PLANET ART: The Best Art From Around the World, April 2013

Each month we ask the editors of ARTINFO sites around the world to tell us the most significant work of art or art happening of the month, and gather them together for our column “Planet Art.” (NB: Since we have contributions only from where we have editors, this feature does not literally represent the art of the whole planet.)

To see the artworks mentioned in this piece, click on the slideshow.



Laercio Redondo, “Tales Without Kings,” 2013?
Casa França-Brasil, Rio de Janeiro

In his earlier work, Laercio Redondo showed interest in the dynamics of personal memory; today, his exhibition “Tales Without Kings,” curated by Frederico Coelho, reveals how his investigations have expanded to incorporate the collective dimension of memory. Characters representing the constructed identity of Brazil, such as Carmen Miranda and images by the painter Jean-Baptiste Debret, are the starting point for his recent work, which also incorporates the history of the France-Brazil House itself — the most important neoclassical building in Rio de Janeiro and now the host of this exhibition. — Fernanda Lopes, BLOUIN ARTINFO Brazil


Jon Rafman, “545 Viito Stie Kainuu, Finland,” 2012
Galerie Antoine Ertaskiran in 

Amid the intimate art fair Papier13, Galerie Antoine Ertaskiran stood apart for its quiet presentation of four large-scale Jon Rafman photographic prints. Renowned for works that harvest images from Google Street View, Rafman here presents particularly sumptuous snapshots, suggesting a heightened aesthetic turn to his Internet-based practice. “545 Viito Stie Kainuu, Finland” captures a rural field brindled with 1,000 scarecrows. Draped in colorful clothing, the silent mob faces the waning sun while anchored in hoarfrost. They appear as though in prayer. In a twist, Rafman has in fact captured a public art installation by Finish artist Reijo Kela, “The Silent People of Kainuu,” which haunts the farmland with its ambiguity. —Sky Goodden, BLOUIN ARTINFO Canada


Yu Ji, “Flesh in Stone No. 2,” 2013
Shanghai Gallery of Art, Shanghai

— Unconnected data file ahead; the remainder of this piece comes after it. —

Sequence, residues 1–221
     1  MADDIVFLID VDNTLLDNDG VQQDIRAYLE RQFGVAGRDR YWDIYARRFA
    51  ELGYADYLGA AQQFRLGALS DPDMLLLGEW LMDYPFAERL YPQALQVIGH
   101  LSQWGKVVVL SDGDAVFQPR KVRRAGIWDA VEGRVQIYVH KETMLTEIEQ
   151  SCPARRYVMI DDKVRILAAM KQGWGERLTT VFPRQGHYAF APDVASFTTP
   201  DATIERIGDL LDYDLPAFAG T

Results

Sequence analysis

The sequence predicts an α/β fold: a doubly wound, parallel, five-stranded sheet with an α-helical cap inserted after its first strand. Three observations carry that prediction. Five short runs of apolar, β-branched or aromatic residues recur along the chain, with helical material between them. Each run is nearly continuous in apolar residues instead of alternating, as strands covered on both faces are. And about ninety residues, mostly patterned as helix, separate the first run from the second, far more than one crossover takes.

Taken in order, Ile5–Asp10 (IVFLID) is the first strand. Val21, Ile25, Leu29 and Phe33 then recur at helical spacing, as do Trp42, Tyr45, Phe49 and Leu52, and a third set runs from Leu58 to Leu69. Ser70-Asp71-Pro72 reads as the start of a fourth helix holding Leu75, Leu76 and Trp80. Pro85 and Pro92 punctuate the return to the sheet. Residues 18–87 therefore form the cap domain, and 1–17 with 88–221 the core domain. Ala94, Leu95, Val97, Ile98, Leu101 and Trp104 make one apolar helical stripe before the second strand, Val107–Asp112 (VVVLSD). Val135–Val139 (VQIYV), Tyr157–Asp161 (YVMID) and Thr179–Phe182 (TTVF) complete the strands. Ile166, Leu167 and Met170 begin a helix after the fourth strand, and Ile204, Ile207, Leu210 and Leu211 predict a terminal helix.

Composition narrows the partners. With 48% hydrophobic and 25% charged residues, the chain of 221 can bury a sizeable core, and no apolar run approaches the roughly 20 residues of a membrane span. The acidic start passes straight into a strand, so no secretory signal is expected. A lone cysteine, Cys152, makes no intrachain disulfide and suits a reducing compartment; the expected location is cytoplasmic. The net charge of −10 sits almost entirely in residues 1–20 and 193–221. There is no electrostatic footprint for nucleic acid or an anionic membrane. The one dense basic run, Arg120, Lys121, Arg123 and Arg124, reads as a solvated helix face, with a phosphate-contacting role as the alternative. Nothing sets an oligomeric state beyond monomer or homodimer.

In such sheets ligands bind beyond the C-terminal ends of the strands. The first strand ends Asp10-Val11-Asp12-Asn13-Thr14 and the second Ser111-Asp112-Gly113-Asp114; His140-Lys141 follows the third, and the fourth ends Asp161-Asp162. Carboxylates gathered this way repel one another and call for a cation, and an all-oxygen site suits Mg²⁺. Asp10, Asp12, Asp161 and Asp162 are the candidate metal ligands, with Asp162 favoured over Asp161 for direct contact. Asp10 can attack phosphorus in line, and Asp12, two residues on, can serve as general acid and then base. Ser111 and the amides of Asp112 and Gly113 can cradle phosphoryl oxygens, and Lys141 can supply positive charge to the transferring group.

Exhibited in a Bund building with no shortage of marble, Yu Ji’s concrete and steel torsos “Flesh in Stone No. 1 and 2” are construction site Michaelangelos for contemporary China.  Sam Gaskin, BLOUIN ARTINFO China


Ugo Rondinone, “primal,” 2013 
Esther Schipper, Berlin

Second in a line of three exhibitions, which started with “primitive” at the Common Guild in Glasgow with bronze birds and will end with fish, Rondinone fills out the middle part of his trilogy here with 37 diminutive horses. Placed on plywood sheeting covering the gallery floors, the rough-hewn stallions, geldings, and mares are simultaneously artificial and animate seeming. —Alexander Forbes, BLOUIN ARTINFO Germany


Samson Young, “Memorizing the Tristan Chord (Institute of Fictional Ethnomusicology),” 2013
Goethe-Institut, Hong Kong

New media artist Samson Young asked nearly 70 people to listen to the so-called “Tristan Chord” and invent a string of Cantonese characters that mimic the pitch contour of this famous musical phrase from Wagner’s “Tristan and Isolde.” Participants were asked to repeat their nonsensical musical phrases, and the chord, which has a sacred status in Western classical music, is simultaneously corrupted and localized through this project. “Memorizing the Tristan Chord” is part of the Goethe-Institute’s “My Personal Wagner” program to celebrate the 200th birthday of Richard Wagner. —Zoe Li, BLOUIN ARTINFO Hong Kong


Atul Dodiya, “Spider & the Lamp,” 2013
Vadehra Art Gallery, New Delhi

Atul Dodiya’s latest three-piece installation of wooden cabinets marks a strategic move by one of India’s leading contemporary artists, locating himself within a historic lineage, a trajectory of thought that harks back to the birth of the modernist moment in Indian art history. It isn’t just the title, which has its origins in an early work by M.F. Husain, that Dodiya has borrowed; his legless cabinets contain photographs, sculptures, paintings, and found objects that refer to some of the legendary figures responsible for shaping India’s recent art history, from the celebrated Progressives to art critic Richard Bartholomew and painters Nasreen Mohamedi and Bhupen Khakar. The cumulative effect is to create both a shrine and a museum vitrine. Dodiya’s sense of humor, though, outweighs the dangers of memorializing the past. —Rosalyn D’Mello, BLOUIN ARTINFO India